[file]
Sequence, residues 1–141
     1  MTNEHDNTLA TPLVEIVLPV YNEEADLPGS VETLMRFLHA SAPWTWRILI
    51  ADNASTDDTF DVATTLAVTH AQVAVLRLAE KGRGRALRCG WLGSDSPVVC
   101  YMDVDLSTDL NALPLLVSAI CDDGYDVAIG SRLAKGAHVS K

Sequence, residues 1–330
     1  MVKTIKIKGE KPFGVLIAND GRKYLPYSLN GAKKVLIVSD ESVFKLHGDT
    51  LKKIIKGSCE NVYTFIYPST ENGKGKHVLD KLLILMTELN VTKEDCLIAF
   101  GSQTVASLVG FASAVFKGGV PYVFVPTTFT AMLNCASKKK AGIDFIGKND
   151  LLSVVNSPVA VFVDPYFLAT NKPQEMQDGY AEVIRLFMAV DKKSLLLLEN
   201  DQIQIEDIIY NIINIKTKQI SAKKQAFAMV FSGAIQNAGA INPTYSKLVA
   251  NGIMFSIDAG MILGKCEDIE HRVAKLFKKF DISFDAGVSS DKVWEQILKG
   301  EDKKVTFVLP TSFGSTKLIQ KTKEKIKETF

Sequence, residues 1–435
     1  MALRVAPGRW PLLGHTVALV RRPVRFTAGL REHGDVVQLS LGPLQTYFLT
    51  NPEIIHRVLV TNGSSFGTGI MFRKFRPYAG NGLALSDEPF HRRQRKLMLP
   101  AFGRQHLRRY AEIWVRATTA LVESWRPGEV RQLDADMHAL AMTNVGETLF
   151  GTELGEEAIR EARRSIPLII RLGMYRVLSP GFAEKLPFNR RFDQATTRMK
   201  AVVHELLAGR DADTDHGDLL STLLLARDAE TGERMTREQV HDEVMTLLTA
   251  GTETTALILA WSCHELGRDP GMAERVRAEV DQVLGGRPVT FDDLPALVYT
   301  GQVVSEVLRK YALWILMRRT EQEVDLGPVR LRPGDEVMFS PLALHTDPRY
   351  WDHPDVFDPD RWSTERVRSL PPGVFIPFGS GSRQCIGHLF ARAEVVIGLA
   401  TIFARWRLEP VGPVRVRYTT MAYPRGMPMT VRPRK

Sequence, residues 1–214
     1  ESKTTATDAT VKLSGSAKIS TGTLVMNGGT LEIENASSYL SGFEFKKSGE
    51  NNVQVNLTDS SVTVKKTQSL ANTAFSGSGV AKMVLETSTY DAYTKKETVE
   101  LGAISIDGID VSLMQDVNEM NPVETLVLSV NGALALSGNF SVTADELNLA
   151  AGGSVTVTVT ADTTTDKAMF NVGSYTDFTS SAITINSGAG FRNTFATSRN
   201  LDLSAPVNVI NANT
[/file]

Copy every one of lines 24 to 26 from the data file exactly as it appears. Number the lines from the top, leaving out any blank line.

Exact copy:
     1  ESKTTATDAT VKLSGSAKIS TGTLVMNGGT LEIENASSYL SGFEFKKSGE
    51  NNVQVNLTDS SVTVKKTQSL ANTAFSGSGV AKMVLETSTY DAYTKKETVE
   101  LGAISIDGID VSLMQDVNEM NPVETLVLSV NGALALSGNF SVTADELNLA